As shown in FIGS. 11-14, the plate locating and clamping apparatus 270 comprises a removable housing 272 having a fixed front face 274 provided with vertical clamp receiving slots 276 for receiving a plurality of retractable clamp hooks 278,278a; a plurality of holes 280 for receiving a plurality of vertically spaced, retractable edge locating pins 282 for locating one vertical edge of the plate P; and a second plurality of holes 284 for receiving a plurality of horizontally spaced retractable edge locating pins 286 for accurately locating the lower horizontal edge of the plate P. The pins 282 and 286 are reciprocated by hydraulic cylinders 282a and 286a (FIG. 1) between a retracted position and a plate supporting position. An additional opening 288 in the front face 274 accommodates a plate positioning hydraulic ram 290 which is movable between a position within the housing 272 and the illustrated position (FIG. 11) for urging the plate against the vertically spaced locating pins 282.
In order to accommodate plates P of different heights, a two-piece vertically and horizontally adjustable frame 296 (FIG. 12) includes a lower section 298 having the lower clamp hooks 278 rigidly secured thereto; and a vertically adjustable upper section 300 connected thereto in the desired position by a plurality of slots 302 and cooperating cap screws 304. The upper set of clamp hooks 278a are slidably received for vertical movement in slide ways 306 in the upper section 300. The upper clamp hooks 278a are rigidly secured to a beam 308 (FIG. 13) that is vertically moved by a hydraulic ram 310 connected between an angle bracket 312 bolted to the upper section 300 (FIG. 12) of the plate 296 and the beam 308. Thus, the upper clamp hooks 278a may be elevated sufficiently by the hydraulic ram 310 to allow the lower edge of a plate P to be raised higher than the lower hooks 278. The hooks 278,278a and the hydraulic ram 290 (FIG. 11) may then be moved outwardly of the housing 272 by a hydraulic ram 316 into position to receive the plate P. Four channel tracks 317 are secured in fixed position; and four rollers 317a rotatably attach to the adjustable frame 296 by slots and cap screws 318 allow the frame to be easily moved horizontally and adjusted vertically for accommodating plates of different widths. The hydraulic ram 316 has its case anchored in fixed position to the housing 272 and has its rod connected to the two piece frame 296. A plurality of spacer bars 319 (FIG. 11) are bolted to the front face 274 of the housing 272 to permit certain machining operations to be cut completely through the plate P. The bars 319 may be bolted to different locations on the face 274 to permit through cuts at all locations.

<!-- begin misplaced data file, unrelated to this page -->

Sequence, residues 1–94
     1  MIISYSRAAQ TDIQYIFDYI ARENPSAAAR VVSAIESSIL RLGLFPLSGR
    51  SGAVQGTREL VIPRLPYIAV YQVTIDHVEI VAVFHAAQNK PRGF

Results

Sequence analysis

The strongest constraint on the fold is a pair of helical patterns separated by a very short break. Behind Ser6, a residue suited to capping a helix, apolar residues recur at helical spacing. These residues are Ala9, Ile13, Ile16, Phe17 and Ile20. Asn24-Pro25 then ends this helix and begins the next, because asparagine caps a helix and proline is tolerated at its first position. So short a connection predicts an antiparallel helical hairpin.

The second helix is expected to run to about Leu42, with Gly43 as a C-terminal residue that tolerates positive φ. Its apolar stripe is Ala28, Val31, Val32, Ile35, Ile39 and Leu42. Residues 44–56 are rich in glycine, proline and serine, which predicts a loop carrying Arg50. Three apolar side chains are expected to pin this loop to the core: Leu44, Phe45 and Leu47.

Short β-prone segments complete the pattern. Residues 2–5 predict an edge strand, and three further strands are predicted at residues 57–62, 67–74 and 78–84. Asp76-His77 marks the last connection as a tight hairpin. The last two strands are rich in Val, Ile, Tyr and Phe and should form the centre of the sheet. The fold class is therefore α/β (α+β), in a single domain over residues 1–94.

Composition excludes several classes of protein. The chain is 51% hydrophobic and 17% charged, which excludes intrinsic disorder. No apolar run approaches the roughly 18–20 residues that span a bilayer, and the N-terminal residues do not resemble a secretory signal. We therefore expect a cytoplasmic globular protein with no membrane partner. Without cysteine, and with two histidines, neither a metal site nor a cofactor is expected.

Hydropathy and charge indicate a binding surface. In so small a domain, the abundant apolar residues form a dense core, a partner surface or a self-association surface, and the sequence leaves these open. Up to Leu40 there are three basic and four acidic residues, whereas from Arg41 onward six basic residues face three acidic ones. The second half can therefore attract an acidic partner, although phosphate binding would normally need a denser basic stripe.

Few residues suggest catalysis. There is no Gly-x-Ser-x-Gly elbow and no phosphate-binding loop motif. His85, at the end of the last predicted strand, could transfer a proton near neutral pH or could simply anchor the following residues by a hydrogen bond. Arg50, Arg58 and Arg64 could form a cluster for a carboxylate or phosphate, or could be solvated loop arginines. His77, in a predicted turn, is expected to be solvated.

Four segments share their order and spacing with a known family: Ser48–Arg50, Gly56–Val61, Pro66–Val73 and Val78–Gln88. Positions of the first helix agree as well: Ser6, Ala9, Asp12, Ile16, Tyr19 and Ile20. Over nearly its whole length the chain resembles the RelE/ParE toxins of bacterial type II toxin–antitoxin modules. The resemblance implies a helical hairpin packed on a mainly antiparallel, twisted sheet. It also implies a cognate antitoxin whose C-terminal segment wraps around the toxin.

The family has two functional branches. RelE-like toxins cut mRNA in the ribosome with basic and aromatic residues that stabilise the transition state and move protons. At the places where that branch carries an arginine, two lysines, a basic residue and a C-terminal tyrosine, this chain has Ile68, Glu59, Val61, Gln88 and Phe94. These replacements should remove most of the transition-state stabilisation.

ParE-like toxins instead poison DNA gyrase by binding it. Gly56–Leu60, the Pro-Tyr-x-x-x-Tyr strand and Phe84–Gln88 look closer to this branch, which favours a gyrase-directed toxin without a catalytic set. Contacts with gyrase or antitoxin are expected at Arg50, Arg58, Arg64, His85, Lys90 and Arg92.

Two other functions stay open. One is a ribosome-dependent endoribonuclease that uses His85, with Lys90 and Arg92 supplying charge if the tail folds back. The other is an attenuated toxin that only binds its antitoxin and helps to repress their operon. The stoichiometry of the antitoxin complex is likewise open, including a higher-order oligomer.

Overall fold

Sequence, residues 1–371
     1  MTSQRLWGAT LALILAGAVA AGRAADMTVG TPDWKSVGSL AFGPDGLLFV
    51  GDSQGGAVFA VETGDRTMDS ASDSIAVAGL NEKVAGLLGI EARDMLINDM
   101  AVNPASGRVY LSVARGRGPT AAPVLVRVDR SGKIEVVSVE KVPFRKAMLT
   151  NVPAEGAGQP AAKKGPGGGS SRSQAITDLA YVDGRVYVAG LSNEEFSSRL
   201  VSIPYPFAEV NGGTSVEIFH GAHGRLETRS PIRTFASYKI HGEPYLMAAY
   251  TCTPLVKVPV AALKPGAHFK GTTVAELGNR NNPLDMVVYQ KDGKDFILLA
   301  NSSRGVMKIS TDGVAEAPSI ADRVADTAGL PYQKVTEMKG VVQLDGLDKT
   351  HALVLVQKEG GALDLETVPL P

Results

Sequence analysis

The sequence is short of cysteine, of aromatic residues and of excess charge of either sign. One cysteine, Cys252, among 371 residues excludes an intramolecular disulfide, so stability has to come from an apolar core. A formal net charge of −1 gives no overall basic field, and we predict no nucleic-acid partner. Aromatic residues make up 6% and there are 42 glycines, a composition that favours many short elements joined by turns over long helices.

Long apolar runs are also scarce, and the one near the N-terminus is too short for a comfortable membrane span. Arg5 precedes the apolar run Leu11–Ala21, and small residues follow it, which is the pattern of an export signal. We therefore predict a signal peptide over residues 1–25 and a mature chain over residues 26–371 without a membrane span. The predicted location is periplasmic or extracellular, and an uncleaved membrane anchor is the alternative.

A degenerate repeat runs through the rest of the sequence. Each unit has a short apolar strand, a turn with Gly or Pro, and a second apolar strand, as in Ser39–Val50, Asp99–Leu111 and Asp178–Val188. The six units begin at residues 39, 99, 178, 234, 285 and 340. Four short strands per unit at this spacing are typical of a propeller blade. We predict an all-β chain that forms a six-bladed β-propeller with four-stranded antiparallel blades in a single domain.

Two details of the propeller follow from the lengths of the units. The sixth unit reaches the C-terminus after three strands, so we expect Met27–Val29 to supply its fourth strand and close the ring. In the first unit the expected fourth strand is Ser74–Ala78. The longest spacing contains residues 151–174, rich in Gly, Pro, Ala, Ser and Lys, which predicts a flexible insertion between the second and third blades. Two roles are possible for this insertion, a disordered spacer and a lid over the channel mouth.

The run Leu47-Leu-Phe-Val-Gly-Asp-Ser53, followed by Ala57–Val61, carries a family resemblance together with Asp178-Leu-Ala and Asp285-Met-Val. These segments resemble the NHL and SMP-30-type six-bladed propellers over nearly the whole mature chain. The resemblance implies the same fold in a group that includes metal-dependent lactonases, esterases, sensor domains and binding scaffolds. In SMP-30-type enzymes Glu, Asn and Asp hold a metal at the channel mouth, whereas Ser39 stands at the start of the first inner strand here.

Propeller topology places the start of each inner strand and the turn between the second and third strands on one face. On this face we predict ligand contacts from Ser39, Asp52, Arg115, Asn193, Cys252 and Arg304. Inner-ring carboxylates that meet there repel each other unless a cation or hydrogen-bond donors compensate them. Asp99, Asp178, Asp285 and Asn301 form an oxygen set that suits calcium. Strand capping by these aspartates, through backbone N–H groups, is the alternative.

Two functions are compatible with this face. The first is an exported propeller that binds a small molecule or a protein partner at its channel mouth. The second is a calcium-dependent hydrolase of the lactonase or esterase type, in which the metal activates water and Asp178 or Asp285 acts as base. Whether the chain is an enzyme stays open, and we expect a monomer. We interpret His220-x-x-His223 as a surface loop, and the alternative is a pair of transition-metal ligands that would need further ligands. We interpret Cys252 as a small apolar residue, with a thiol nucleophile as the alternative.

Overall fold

A hydraulic plate lifting ram 320 (FIG. 11) has a fork 322 mounted on the piston rod 324 of the ram and projects upwardly between two lower rollers 268. A pair of U-shaped members 325 are welded to the upper ends of the fork 322 to cradle the lower edge of the plate P therein. When the plate P to be machined is advanced by the intermittently driven conveyor 26 into position to be raised onto and clamped by the clamping apparatus 270; the edge locating pins 282,286; the clamp hooks 278,278a; and the positioning ram 290 are retracted. A guide rail 326 is secured to the precision machinery 30 to aid in maintaining the plate P substantially vertical.
The hydraulic ram 320 is then activated to raise the fork 322 into engagement with the bottom edge of the plate P thereby raising the plate into position to be received between six clamp hooks 278,278a after the hooks have been projected out of the housing 272 by the ram 316. At the same time, the rams 282a and 286a (FIG. 1) move the plate locating pins 282,286 outwardly into plate receiving position. Thereafter, the fork 322 (FIG. 11) is lowered to its retracted position below the plate supporting plane of the rollers as shown in FIG. 11 thereby lowering the plate P onto the pins 286 and the lower clamp hooks 278. FIGS. 15, 16 and 17 diagrammatically illustrate the sequence of performing the plate lifting and gripping operation. The piston rod of ram 310 (FIG. 13) is then retracted until the upper clamp hooks 278a engage the upper surface of the plate P. The piston of the ram 316 (FIG. 12) is then retracted to firmly clamp the plate P against the spacer bars 319 (FIGS. 11 and 15-17) thereby securely and accurately maintaining each plate P, in turn, in position to be machined.
During the machining operation a plurality of high pressure air nozzles 326 (only one being shown in FIG. 11) may be used to deflect chips and other debris downwardly away from the plate P to be collected as will be described hereinafter. Since the plate P is vertical when machined at Station 5, the chips are easily deflected off the plate P.